To document his claim, this undisputed champion of Arkansas politics (at least till Bill Clinton came along) ran through the litany of social and economic programs he'd supported. Just as he would regularly do every two years and gubernatorial election thereafter. That's when Roy Reed asked him the question that History would then and forever ask: "But what about '57?"
Orval Faubus explained that he was no racist. No serious observer of Arkansas politics ever thought he was; he was much too intelligent for that. No, he was something worse: an opportunist who exploited the racism of others in order to retain political power. He'd done what he'd done, he explained that day, to keep worse types at bay.
Any politician tempted to exploit race will always find such an excuse. Call it the Willie Stark Theory in honor of the hero - well, the protagonist - of "All the King's Men." It can be summed up as: Better to do some evil than invite a greater one.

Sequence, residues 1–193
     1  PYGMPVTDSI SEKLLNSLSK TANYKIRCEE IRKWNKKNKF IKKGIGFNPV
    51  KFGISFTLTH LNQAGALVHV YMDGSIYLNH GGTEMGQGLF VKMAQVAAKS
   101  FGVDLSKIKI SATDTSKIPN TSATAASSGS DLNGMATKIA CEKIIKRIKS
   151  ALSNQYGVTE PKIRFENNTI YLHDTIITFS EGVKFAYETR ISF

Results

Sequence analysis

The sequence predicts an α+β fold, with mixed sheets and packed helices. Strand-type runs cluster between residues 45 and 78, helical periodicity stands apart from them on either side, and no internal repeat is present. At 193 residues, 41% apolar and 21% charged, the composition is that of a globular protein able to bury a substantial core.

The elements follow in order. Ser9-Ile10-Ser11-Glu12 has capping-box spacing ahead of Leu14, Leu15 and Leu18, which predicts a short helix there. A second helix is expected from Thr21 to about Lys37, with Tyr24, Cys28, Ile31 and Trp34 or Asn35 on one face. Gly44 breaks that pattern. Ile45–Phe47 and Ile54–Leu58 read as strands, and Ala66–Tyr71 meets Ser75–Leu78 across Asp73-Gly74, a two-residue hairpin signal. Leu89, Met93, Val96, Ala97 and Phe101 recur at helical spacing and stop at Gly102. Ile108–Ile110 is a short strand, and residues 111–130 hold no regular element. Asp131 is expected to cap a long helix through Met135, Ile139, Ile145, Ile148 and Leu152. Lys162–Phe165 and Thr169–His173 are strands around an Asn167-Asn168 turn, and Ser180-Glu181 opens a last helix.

Or as Willie would put it, good itself is never pure but inseparable from evil, for evil is what good must be made out of. The great leader has to make compromises to further some greater good, like his own precious career. (See the indelible signature of J. William Fulbright on the infamous Southern Manifesto.)
But this rationalization fails the test not only of idealism but practical politics. For we'll never know what would have happened if Orval Faubus had decided to champion the law of the land, not to mention the brotherhood of man, instead of his own indispensability.
Who knows, he might have been able to rally the better angels of our nature and make Arkansas a shining light of racial amity - instead of making Little Rock a worldwide synonym for race hatred. It was a reputation the people of this state and city never deserved. Only now, half a century later, has that image finally faded. It would take a succession of real reformers in the Governor's Mansion, like Winthrop Rockefeller and Mike Huckabee, to remove the stain.
But what's a political leader, or any mortal, to do when faced with a choice between an abstract ideal and real, practical gain? The choice is always so complicated, or appears to be.
Which is the path of wisdom between conflicting counsels? The answer is the same as it has been since Job's time: "And unto man he said, Behold, the fear of the Lord, that is wisdom; and to depart from evil, that is understanding."